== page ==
The Effects of Training on Visual-spatial Disembedding Skills in Early Childhood
The overall goal of the present study was to develop, implement, and test the effectiveness of a curriculum designed to improve spatial thinking amongst preschool children. Specifically, the study explored the effects of shape-based training on 4-year-old children’s ability to disembed and whether the training transferred to improvement in mental rotation skills.
Participants were recruited from preschools in the Central California Coast region. The treatment group included 20 children, 9 boys and 11 girls (M= 4.48, SD= .27) and the control group included 20 children as well, 10 boys and 10 girls (M= 4.50, SD= .27). Children in the control condition received a basic shape curriculum that focused on teaching children about shape attributes. Children in the treatment condition received the basic shape curriculum as well but also participated in activities that encouraged the development of disembedding skills.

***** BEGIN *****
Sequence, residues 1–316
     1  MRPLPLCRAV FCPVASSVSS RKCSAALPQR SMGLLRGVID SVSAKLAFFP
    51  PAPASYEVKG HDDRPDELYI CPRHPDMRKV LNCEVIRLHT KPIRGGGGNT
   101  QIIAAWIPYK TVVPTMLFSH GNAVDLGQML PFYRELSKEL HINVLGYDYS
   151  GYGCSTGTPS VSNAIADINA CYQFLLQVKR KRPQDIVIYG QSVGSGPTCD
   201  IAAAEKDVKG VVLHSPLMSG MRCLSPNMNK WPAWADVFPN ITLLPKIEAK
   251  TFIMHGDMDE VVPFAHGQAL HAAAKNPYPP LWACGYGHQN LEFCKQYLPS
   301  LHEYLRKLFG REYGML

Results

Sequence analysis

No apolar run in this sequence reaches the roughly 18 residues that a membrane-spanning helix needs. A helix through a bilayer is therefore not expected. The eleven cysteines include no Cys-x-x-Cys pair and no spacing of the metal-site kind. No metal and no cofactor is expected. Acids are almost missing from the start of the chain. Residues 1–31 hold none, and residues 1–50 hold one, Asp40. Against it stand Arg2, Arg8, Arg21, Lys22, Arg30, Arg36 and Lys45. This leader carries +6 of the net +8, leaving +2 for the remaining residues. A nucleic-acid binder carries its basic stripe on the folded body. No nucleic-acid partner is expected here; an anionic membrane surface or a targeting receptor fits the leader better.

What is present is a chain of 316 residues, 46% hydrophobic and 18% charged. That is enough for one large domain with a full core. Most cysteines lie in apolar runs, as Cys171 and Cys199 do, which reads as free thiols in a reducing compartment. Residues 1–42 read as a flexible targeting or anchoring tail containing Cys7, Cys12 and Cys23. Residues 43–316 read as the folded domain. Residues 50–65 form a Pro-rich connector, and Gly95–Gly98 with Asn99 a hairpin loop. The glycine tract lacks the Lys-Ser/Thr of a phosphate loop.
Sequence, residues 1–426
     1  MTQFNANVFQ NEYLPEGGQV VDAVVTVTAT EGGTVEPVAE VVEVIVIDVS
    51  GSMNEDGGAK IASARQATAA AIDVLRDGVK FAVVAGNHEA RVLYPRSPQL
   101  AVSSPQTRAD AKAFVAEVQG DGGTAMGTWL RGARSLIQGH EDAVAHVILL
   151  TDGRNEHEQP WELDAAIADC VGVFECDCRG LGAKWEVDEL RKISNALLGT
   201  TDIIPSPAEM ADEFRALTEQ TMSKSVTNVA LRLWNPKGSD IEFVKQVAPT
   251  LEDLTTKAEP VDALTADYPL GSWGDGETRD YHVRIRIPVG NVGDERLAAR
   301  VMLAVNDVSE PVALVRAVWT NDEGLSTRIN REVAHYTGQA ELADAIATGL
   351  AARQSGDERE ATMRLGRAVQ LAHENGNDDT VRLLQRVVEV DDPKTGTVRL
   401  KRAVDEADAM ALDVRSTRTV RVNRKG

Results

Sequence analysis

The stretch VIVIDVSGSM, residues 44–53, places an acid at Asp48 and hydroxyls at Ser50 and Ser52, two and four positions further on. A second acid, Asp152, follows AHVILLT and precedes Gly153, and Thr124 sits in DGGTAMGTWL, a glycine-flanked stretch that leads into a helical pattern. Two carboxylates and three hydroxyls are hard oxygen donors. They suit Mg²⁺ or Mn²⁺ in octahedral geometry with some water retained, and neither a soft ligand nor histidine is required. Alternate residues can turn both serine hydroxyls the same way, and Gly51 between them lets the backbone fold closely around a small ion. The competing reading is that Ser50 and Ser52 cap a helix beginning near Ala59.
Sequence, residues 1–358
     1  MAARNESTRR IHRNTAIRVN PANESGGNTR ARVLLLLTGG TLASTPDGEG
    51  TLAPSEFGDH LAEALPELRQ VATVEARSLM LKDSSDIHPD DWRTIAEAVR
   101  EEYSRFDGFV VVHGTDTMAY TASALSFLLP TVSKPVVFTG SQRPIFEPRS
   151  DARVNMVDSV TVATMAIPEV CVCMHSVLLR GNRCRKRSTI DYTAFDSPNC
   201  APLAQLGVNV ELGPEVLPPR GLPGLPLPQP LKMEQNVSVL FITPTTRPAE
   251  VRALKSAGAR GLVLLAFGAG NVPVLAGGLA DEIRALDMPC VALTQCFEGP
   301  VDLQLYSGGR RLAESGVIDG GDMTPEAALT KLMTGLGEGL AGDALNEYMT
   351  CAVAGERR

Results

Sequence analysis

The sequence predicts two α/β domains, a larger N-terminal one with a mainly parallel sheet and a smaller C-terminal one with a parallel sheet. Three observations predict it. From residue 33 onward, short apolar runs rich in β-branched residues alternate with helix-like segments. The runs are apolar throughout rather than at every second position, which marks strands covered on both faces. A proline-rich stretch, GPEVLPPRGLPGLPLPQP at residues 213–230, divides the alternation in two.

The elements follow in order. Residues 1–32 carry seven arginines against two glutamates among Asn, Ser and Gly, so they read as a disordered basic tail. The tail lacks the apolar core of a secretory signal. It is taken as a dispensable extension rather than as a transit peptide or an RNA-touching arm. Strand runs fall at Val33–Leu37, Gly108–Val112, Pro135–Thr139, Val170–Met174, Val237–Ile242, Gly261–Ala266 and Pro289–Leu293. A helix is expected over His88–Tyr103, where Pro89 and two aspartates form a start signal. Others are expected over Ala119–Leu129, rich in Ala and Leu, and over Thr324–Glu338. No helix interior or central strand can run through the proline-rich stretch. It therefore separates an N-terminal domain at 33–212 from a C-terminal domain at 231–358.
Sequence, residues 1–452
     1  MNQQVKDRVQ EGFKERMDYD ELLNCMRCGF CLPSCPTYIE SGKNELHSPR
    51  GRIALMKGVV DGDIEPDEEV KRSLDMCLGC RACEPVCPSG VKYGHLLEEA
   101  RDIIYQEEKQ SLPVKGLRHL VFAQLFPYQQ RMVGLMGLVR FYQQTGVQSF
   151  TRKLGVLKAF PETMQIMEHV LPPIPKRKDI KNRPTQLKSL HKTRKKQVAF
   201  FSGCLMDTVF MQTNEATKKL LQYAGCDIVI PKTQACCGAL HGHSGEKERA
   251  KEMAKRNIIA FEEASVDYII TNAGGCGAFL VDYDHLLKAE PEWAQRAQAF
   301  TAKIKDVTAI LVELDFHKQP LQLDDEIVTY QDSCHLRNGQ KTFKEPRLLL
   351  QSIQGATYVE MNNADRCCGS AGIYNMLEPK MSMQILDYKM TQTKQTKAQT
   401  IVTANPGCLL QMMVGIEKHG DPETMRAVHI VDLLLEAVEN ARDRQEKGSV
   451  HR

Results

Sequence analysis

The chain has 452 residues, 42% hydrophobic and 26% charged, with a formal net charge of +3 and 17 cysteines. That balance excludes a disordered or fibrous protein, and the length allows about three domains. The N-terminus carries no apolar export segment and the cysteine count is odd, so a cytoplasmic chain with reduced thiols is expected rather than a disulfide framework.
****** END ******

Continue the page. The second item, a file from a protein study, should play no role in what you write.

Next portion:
Findings from this study suggest that minimal training can improve preschool children’s spatial abilities. Children in both conditions showed improvement on an embedded figures test and two newly developed spatial measures but there were no intervention group effects. That is, both the intervention and control group children improved in their ability to recognize shapes and disembed shapes. However, the improvements did not transfer to a mental rotation task. Correlations provide evidence to support the newly created measures as methods of assessing preschool children’s ability to disembed hidden figures and mentally rotate objects. The significance of the findings as well as implications for future research are discussed.